How Rough Was Your Childhood, Really? *Quiz*?

childhood trauma

Disclaimer: This quiz is made for entertainment purposes. So please don’t take it too seriously. 

Did you feel that there was a time in your childhood where you’ve experienced something that no child had to go through?

Time may pass, but the memories you’ve accumulated stay with you through adolescence and adulthood.

Maybe you’ve grown up with feelings of paranoia, shame, and anxiety to this day? Was there a time in your childhood, you’ve been denied a healthy relationship with love and empathy?

If you want to know how rough you’re childhood really was, take the quiz below.

Grab a paper, a pen, and note down your answers. If your answer is “rarely, sometimes, always” – that would be a yes. If your answer is “NEVER”, then pick no.

Answer these questions from the point of view of the most vulnerable times of your childhood.

Let’s start.

1) Did your parents ever humiliate and swear at you?

Yes

No

2) Were you ever slapped or grabbed as a child? Hit with an object?

Yes

No

3) Were you ever touched inappropriately as a child?

Yes

No

4) Were your parents unsupportive and distant?

Yes

No

5) Have you ever skipped hygiene or food due to parental neglect?

Yes 

No

6) Has a parent ever abandoned you or left you?

Yes

No

7) Did you ever witness your parent getting hit, beaten, slapped by the other parent?

Yes

No

8) Did you live in a household that abused drugs and alcohol?

Yes

No

9) Did you live with someone who struggled with mental illness?

Yes

No

10) Did your parent(s) go to prison during your childhood?

Yes

No

Results:

That’s all the questions. 

Nothing related to you?

Keep in mind, everyone’s situation is unique. Did your family move, ruining your secure friendships? Did you face discrimination or poverty? Did someone important pass during that time? Ask yourself if you’ve encountered any hardship that you shouldn’t have had to go through as a child. Remember, healing from these traumatic experiences is always possible with the right nudge.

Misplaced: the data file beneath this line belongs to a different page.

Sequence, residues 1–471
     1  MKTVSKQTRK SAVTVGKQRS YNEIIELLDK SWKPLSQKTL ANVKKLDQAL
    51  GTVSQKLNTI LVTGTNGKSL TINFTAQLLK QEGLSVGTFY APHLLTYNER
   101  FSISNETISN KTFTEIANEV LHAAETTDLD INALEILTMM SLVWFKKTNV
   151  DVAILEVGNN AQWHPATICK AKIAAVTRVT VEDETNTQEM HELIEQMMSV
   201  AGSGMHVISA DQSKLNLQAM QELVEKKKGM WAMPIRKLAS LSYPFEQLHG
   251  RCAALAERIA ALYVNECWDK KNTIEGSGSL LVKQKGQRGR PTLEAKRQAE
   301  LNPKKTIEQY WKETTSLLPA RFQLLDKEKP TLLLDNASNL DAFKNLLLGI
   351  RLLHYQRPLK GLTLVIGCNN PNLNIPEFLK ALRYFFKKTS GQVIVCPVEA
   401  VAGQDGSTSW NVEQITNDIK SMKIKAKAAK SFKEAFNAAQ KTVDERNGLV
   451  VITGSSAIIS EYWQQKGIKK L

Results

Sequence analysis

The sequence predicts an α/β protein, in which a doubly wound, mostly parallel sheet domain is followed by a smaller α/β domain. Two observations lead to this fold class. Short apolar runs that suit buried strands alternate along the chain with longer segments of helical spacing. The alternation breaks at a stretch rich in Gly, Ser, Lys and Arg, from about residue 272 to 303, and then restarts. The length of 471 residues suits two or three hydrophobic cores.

If you didn’t have any that related to you, great. You may have had a healthy, happy, secure childhood. 

Did 1 or more of those questions resonate with you?

Your childhood may have had some rough patches. At least two-thirds of the adult population has experienced one adverse childhood experience. Many adults are lucky to go through it without it affecting their lives to a drastic point. 

However, some of these traumatic experiences continue to affect the life opportunities of many people—impacting their school or job performance. You may have experienced some mental health issues or coping mechanisms that you still carry along to this day as well.

Let’s dive deep and answer the questions you’ve related to first-hand.

Abuse

Did the 1st, 2nd, and or 3rd question resonate with you?

If you’ve said yes to being hit, touched inappropriately, or distant—you may have experienced abuse in your childhood. According to a paper by the Child Community Family Australia, childhood abuse can be debilitating and lifelong for some, even developing health problems, like depression and anxiety, while others outgrow and handle the abuse and turn into functioning adults.